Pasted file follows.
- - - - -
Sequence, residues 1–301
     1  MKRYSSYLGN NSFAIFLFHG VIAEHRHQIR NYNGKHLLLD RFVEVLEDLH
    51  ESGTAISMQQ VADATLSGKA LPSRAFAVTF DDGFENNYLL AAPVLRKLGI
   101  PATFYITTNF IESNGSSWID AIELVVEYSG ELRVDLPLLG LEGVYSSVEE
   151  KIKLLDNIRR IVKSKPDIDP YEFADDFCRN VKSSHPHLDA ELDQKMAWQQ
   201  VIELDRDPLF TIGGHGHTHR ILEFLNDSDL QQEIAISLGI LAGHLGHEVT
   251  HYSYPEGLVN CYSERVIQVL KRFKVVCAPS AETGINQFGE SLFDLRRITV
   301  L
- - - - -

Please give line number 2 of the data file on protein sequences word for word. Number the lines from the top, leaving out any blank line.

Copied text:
     1  MKRYSSYLGN NSFAIFLFHG VIAEHRHQIR NYNGKHLLLD RFVEVLEDLH